1st Grade - tower 1st Grade -paper tower plan

As students continue to grow, their ability to access reading, writing, and math skills continues to deepen. In first grade, a lesson on brainstorming, planning, collaborating, and constructing comes alive with a simple question: How might we create the tallest standing structure out of only paper and tape? Students employ their writing, mapping, planning, negotiating, compromising, and time management skills to accomplish impressive feats of engineering.

Better learning doesn’t just happen as a result of environments where children are free to play. Better learning happens WHILE they play. When we structure learning environments at Hillbrook we don’t ask “For this experience, will it be play or learning?” Instead we ask “For this experience, how will it be play AND learning?”

Resources for Further Learning

Books
Free to Learn: Why Unleashing the Instinct to Play Will Make Our Children Happier, More Self-Reliant, and Better Students for Life

Play: How it Shapes the Brain, Opens the Imagination, & Invigorates the Soul

Play: The Foundation that Supports the House of Higher Learning

Articles
Scientists Say Play Builds a Better Brain

Why Young Kids Need Less Class Time — And More Play Time — At School

Give Childhood Back to Children

Introduction to Block Building with Young Children

The Building Blocks of a Good Pre-K

The Need for Pretend Play in Child Development

TED Talks
Stuart Brown: Play Is More Than Just Fun

A Collection of Talks on Play

On Connection, Devices, & Empathy

A recent New York Times article titled “Stop Googling. Lets Talk.” lays out a compelling case for greater intentionality in how and when we make use of our portable devices.

How can we purposefully create environments where children learn to make decisions about these tools and use them (or NOT!) for the good of themselves and others?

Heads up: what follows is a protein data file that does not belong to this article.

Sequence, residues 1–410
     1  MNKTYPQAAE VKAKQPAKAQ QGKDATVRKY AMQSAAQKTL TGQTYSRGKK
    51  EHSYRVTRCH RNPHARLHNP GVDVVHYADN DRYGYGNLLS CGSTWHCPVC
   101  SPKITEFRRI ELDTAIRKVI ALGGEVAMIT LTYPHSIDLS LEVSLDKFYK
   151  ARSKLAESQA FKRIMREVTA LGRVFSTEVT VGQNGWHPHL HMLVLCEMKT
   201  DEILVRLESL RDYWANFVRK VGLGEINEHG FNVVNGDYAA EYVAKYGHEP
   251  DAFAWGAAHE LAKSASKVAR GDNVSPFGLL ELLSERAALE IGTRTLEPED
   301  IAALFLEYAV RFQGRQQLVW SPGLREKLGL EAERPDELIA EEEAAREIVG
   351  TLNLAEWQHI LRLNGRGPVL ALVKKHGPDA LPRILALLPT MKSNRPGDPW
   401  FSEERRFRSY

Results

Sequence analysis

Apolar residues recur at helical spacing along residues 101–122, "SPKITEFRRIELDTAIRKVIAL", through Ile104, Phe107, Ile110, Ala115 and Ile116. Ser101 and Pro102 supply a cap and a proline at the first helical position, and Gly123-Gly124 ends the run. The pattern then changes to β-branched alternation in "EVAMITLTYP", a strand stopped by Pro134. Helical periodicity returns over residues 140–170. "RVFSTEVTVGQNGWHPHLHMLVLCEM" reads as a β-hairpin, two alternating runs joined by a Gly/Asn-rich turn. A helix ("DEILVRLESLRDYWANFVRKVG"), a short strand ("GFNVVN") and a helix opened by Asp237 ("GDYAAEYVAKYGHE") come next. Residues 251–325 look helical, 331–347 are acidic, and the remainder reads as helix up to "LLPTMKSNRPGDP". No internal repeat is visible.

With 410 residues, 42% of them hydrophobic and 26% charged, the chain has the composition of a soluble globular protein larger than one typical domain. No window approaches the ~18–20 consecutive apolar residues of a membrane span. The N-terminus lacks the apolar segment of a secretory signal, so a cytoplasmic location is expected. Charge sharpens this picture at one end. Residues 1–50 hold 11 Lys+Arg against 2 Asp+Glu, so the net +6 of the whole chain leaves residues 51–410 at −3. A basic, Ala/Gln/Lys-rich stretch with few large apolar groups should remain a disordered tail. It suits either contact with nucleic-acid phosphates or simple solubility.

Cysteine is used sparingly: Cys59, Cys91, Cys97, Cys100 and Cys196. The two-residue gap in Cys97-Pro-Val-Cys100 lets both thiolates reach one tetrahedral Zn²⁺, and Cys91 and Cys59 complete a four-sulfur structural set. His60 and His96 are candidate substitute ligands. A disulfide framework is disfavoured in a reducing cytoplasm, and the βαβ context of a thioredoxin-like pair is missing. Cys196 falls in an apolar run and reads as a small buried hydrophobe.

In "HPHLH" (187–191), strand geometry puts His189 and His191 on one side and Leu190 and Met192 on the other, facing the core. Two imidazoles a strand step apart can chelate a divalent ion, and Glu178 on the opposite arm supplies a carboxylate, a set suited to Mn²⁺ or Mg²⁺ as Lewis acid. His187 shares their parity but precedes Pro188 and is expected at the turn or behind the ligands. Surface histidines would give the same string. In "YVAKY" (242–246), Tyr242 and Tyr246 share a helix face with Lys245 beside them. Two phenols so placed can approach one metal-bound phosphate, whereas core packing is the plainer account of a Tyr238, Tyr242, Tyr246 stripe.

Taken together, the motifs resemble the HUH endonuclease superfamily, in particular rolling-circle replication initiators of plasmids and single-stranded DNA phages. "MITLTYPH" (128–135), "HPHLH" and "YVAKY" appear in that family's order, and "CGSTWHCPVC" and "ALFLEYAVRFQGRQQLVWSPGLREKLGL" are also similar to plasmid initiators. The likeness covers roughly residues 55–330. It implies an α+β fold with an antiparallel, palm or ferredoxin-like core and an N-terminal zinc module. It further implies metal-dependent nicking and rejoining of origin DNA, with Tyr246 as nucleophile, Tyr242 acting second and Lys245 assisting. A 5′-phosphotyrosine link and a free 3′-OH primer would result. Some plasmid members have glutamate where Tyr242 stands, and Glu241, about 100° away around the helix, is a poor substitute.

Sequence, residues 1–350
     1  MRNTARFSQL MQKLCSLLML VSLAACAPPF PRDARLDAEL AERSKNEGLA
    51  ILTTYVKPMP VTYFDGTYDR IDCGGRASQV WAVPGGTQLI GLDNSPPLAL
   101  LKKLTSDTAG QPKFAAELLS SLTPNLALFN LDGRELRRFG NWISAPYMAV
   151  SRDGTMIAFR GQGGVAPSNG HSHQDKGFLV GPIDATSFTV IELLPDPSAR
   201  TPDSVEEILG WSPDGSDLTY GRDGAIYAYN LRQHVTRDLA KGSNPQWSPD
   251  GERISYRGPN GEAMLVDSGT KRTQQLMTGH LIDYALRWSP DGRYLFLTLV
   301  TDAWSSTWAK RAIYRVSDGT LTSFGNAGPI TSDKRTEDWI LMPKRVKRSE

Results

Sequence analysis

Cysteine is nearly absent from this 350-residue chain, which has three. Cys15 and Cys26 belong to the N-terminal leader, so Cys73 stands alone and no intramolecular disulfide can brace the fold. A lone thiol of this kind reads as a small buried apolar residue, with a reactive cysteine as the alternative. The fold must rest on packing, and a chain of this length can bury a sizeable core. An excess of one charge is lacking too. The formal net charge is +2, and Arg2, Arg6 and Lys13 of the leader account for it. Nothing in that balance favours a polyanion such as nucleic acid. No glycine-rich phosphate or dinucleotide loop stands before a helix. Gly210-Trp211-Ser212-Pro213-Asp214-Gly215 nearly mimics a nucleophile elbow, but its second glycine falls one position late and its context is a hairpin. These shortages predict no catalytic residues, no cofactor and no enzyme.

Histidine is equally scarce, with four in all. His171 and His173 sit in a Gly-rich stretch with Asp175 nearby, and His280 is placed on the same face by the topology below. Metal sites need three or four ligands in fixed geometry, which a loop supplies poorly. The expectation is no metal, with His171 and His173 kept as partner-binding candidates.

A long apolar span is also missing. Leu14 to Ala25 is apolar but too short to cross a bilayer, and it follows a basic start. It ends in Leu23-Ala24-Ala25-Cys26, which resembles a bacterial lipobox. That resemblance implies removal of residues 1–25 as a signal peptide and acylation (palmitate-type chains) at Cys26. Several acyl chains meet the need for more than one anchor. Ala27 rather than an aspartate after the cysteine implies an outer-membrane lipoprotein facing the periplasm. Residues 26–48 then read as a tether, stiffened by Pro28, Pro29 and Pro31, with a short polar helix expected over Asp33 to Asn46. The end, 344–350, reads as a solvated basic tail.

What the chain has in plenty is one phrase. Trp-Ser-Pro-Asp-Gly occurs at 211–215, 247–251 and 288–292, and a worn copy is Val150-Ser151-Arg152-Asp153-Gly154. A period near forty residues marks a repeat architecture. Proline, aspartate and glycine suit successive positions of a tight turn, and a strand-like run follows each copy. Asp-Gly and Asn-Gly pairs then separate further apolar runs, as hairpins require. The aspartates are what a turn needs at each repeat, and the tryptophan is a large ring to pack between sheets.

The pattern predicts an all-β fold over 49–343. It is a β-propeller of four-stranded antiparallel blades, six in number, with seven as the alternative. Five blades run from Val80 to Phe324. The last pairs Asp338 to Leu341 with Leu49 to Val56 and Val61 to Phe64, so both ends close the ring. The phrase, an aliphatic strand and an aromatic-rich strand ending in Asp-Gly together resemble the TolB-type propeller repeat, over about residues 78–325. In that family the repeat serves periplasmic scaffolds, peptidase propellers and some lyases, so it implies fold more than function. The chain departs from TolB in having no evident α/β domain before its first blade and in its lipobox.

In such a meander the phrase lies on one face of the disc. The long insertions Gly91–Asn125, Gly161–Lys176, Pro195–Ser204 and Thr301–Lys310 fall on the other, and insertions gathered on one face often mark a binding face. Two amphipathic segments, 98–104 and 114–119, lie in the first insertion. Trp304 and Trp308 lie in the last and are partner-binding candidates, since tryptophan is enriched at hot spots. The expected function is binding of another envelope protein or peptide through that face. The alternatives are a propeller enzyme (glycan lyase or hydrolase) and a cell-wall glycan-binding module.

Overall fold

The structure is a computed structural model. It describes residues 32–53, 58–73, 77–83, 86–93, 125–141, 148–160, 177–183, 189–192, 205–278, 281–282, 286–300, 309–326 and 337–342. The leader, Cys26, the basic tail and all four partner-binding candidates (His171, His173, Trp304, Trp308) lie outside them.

Studies of conversation both in the laboratory and in natural settings show that when two people are talking, the mere presence of a phone on a table between them or in the periphery of their vision changes both what they talk about and the degree of connection they feel. People keep the conversation on topics where they won’t mind being interrupted. They don’t feel as invested in each other. Even a silent phone disconnects us.

In schools and at home, how do we recommit ourselves to the priceless value of authentic human connection?

We’ve gotten used to being connected all the time, but we have found ways around conversation — at least from conversation that is open-ended and spontaneous, in which we play with ideas and allow ourselves to be fully present and vulnerable. But it is in this type of conversation — where we learn to make eye contact, to become aware of another person’s posture and tone, to comfort one another and respectfully challenge one another — that empathy and intimacy flourish. In these conversations, we learn who we are.

More than anything, our children and students need to know who they are and who those around them are. Without self-knowledge and awareness of others no meaningful or lasting difference can be made in the world.

Children Have Big Feelings

Children’s book author Kevin Henkes has a new book out called Waiting. This NPR article/interview with him is a beautiful window into the mind of an author who is transparent about his work, deeply aware of the human experience that children share with adults, and able to translate that experience into story and picture. This quote from the interview resonates deeply with me, and I find in my experience to be profoundly true:

Sometimes I think as adults we think of [children] as — because they’re small in size that they’re small in all ways — and they’re not. They have big feelings, and they have big eyes, they see things, they hear things, they’re living life just the way an adult does and I think sometimes as adults we forget that.

If not now…when?

It’s summer! Time to play and get outside. This article from PBS highlights why free, CMS Badlandsunstructured outdoor play is so crucial for children, their learning, and their development as people…and also reminds me why it it is equally necessary for adults to spend a little time doing the same. Put down the screens, quiet the constantly running mental to-do list, and be outdoors.

Slow down. Be still. Create something. Play.

As adults authentically model love of the outdoors and delight in playful pursuit of whatever we are passionate about…children will follow our lead. And it’s summertime…with longer days and a slightly slower pace. If not now…when?